Theatre at the Fringe

By Bill Church, Director of Theatre Arts

The words on the upstage wall of Kresge Auditorium have served as an inspiration to many Interlochen students and alumni: Dedicated to the Promotion of World Friendship through the Universal Language of the Arts. This past summer, 24 Academy Theatre Arts majors were able to participate in a major international event, fostering stronger ties between Interlochen and the rest of the world.

The world’s largest arts festival, Edinburgh Festival Fringe was founded by theatre companies who were not invited to be a part of the original Edinburgh Arts Festival, which began in the aftermath of World War II. Known for its amazing variety of performances, the Fringe, as it is now called, is an inspiring three-week celebration of the best performance and entertainment from all over the planet. For the Academy students who were involved in this experience, it was an exceptional opportunity to connect their work here in Northern Michigan to the world at large.

For our Fringe debut, we selected Jose Rivera’s “Sonnets for an Old Century.” In the script, a group of souls speak from the afterlife about their experiences on earth in the late 20th century. They speak with humor, passion, regret, remorse, and a keen sense of what it means to be a human being. Throughout the rehearsal process, the actors found themselves having to ask difficult questions and wrestling with meaning in their own lives. If it all ended today, how would you describe your life? Would you be left with regret? With a sense of pride? If you had one final chance to tell your story, what would you say?

As we dealt with these questions in rehearsal, one important theme came up - creation. Actors and students of theatre have chosen to pursue an art form based on storytelling and creativity. In preparing for Edinburgh, they were living the kind of life they had hoped to lead. Parallels were made between our desire to communicate our stories with an audience across the ocean and their desire for an artistically satisfying and inspiring career.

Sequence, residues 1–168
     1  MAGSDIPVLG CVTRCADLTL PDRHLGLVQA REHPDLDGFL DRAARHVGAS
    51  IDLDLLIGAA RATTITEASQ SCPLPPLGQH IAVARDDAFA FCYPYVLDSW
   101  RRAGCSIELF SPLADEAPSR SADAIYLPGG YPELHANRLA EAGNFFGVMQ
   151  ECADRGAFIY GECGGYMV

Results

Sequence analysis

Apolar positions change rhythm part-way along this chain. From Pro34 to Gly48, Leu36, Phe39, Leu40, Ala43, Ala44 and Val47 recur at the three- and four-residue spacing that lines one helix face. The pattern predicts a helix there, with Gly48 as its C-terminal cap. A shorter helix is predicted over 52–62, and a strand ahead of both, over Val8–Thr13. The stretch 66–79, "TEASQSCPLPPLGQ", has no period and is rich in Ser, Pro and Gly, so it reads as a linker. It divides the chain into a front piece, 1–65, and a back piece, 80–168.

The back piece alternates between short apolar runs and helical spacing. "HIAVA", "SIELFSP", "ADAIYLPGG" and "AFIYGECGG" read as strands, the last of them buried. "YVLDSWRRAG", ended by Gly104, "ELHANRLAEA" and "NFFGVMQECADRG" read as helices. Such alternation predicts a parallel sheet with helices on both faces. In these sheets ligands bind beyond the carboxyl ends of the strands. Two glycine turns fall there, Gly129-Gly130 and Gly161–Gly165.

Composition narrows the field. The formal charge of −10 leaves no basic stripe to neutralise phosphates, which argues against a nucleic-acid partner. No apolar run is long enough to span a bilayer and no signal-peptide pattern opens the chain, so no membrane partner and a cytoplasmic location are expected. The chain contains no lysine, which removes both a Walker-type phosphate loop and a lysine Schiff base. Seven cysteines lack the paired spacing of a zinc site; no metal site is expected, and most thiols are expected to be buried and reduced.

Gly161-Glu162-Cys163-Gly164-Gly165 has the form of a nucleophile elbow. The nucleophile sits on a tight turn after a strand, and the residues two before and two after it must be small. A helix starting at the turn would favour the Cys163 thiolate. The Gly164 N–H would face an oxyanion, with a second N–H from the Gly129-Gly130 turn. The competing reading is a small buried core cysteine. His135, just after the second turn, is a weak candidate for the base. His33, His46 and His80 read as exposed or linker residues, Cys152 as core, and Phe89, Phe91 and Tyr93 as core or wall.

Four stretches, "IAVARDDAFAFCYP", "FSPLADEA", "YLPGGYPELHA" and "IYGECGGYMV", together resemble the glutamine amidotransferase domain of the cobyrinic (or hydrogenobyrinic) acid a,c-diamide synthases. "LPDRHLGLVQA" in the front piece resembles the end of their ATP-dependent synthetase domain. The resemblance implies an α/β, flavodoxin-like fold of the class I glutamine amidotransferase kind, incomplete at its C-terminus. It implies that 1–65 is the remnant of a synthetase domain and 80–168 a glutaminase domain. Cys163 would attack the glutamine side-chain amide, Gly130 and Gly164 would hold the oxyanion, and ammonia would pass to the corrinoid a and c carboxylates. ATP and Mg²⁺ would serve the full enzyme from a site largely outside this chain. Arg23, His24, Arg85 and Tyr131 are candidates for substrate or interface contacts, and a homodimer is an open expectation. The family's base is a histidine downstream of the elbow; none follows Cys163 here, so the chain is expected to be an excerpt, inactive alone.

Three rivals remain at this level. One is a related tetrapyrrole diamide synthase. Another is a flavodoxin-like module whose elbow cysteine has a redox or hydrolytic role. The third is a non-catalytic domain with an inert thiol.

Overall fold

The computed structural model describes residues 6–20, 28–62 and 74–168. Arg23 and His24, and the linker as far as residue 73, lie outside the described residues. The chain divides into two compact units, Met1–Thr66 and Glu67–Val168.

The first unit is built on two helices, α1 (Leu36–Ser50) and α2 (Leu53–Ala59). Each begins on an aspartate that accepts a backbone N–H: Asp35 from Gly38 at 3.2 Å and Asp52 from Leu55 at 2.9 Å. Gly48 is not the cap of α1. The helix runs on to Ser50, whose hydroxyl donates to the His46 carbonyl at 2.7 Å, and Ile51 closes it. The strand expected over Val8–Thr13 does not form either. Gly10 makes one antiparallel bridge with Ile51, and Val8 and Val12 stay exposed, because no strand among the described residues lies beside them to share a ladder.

I can’t remember an experience more satisfying than being immersed in the theatre culture of the Fringe. Theatre was everywhere as venues were created out of churches, assembly halls, meeting rooms, parks, even a huge inflatable cow udder. For the students, this full immersion into such a theatrical environment was an incredible opportunity, and they took full advantage. One of our students managed, somehow, to attend seven performances in one day. But it was more than just what occurred on the various stages; all over Edinburgh there was a palpable sense of creativity and community. To experience all of those people coming together to share in the creation of this beautiful art form, while telling such powerful stories of humanity, was truly profound. For the students, seeing themselves on the world stage and part of such a meaningful event was both humbling and inspiring.

One of the most powerful lines in “Sonnets for an Old Century” comes in the final speech, which is essentially a listing of 41 important events that could happen in a lifetime. As Amrita Newton, who came to Interlochen as both a Camper and Academy student, said the line, “The first time you realize that every day of your life should be a work of art,” it was clear that everyone on stage was undergoing a significant realization about their chosen art form and their place in it. The Fringe provided an incredible venue for these students to share the nurturing artistic vision of Interlochen while providing motivation for the fascinating careers that lie ahead.